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Bob Moritz
Marshfield Clinic Research Foundation

personality

Three items are used to measure the extent to which a person believes his/her identity has been put into something he/she is creating or helping to produce.

The intended construct being measured has to do with a person's general tendency to think either analytically (focus on the parts) or holistically (focus on the whole).  The scale is composed of six, five-point items.

Using ten items, the scale attempts to measure a person's cognitive orientation to either focus on the whole more so than the parts (holistic thinking) or to devote more attention to the parts than to the whole (analytic thinking). 

The degree to which a consumer describes him/herself as a technology pioneer and opinion leader is measured in this scale using seven Likert-type items.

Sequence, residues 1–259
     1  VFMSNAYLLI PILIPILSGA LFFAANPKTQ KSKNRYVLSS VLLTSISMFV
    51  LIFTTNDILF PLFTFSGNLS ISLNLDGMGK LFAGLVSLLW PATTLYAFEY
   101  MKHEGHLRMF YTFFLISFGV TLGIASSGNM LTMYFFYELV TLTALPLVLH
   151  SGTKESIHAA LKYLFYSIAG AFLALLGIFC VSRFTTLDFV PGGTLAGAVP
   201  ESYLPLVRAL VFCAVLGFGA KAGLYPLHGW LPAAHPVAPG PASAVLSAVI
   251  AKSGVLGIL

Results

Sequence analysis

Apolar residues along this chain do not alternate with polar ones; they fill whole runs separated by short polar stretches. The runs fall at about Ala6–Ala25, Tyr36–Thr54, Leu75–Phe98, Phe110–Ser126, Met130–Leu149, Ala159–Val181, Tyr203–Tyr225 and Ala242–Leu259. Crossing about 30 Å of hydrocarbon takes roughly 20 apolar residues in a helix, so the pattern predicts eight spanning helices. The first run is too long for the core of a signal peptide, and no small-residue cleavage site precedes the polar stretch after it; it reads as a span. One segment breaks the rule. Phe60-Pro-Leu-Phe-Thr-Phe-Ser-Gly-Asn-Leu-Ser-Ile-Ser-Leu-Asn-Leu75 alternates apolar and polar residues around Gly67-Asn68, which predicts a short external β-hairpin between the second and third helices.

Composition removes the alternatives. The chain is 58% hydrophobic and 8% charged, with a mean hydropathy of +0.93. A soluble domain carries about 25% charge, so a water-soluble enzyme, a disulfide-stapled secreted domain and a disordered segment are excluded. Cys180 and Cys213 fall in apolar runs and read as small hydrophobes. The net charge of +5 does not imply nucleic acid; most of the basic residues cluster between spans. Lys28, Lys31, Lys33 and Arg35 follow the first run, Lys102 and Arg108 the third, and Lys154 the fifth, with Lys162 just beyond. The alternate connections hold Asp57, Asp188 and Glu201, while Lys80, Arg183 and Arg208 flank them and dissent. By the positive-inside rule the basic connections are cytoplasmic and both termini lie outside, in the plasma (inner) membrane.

The five, seven-point semantic differentials that make up this scale are used to measure the extent to which a person is open to new ideas and experiences.

Four statements are used in this scale to measure how much a person focuses his/her attention on the past.

The extent to which a person focuses attention on the future relative to the time spent on the past is measured with four statements.

The degree to which a person relies on feeling and intuition to make decisions and judgments is measured using five items.

Seven, seven-point Likert-type items are used to measure the degree to which a person becomes immersed in his/her mental imagery.

The 40 Likert-type items composing this scale are purported to measure the strength with which a person experiences his or her emotions.